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Transportation Department Targets Moving-Company Abuse With New Law

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Under a new law, the Transportation Department will be able to fine movers who try to extort additional money from their customers.
Under a new law, the Transportation Department will be able to fine movers who try to extort additional money from their customers.

Sometimes, when a moving company has all your earthly possessions boxed up in a truck, they take it as a license to do whatever they like -- charge you extra, hold onto your stuff indefinitely or even threaten you if you don't cough up extra cash.

A new law aims to change that.

The Transportation Department will be able to charge unscrupulous movers a minimum penalty of $10,000 if they try to squeeze customers for extra money, under a law signed by President Obama earlier this month, according to USA Today and The Wall Street Journal.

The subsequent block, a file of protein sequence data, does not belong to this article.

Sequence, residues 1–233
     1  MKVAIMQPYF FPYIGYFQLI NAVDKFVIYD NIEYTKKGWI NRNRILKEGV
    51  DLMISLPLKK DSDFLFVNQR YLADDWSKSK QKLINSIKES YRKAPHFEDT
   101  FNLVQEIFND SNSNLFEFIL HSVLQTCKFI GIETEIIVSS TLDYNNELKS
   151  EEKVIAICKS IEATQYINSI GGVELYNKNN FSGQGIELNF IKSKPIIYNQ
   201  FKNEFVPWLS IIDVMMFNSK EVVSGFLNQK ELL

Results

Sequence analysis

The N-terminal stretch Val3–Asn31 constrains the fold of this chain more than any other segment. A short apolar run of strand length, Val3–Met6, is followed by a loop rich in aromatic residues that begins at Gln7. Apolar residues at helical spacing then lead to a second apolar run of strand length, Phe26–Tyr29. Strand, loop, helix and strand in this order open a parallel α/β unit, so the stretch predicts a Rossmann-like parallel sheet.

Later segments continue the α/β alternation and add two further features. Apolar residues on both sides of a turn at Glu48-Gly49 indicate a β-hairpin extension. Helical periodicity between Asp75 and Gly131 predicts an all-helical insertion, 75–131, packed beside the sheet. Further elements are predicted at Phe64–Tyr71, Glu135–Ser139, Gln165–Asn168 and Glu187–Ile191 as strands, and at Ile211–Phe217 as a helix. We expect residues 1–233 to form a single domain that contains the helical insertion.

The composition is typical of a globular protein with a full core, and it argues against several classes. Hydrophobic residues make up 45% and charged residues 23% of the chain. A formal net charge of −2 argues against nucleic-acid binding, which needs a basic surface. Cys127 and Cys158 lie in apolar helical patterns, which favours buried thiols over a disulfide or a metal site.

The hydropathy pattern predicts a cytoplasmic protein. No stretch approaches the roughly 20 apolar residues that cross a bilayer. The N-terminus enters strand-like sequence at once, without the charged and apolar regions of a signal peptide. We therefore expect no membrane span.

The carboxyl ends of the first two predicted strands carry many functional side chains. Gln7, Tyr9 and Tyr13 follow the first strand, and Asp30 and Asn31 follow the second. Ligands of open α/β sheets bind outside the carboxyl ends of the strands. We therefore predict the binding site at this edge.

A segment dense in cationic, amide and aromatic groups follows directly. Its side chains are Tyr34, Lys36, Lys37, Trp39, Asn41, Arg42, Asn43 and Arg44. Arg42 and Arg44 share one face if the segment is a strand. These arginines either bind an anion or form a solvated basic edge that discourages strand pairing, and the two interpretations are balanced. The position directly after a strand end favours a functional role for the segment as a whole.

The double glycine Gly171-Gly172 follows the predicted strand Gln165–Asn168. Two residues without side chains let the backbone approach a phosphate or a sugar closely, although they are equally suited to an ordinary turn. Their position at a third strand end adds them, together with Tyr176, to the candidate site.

Bad experiences with movers -- especially with individuals or companies that don't have a license -- are all too common. The WSJ cites a recent survey by the consumer review site Angie's List in which 38 percent of respondents said they'd run into problems during a move, like stolen items or unexpected charges. And the Federal Motor Carrier Safety Administration, a division of the Transportation Dept., said that it received 2,851 complaints about moving companies in 2011, a 17 percent jump over the previous year.

The Better Business Bureau received more than 9,000 complaints against movers in 2011, according to a May press release.

The Transportation Department's new authority will only apply to interstate moves, as opposed to movers that do not cross state lines.

Among the moving horror stories that have surfaced in recent months: a woman in Washington says the owner of a moving company threatened her and held her possessions hostage; a woman in Georgia says she has paid thousands of dollars more than originally estimated, and is still waiting for her moving company to ship her things down from New Jersey; and another woman in New Jersey says her movers jacked up the price once her things had been loaded onto the truck -- and then said they'd give her a discount if she slept with them.

USA Today also reports on a New Jersey man -- what's the deal, New Jersey? -- who says his movers charged him hundreds of dollars extra after he had to make an emergency trip to the hospital that postponed his move by two days.

Have you ever been the victim of a moving-company scam? Please share a comment or email money@huffingtonpost.com.

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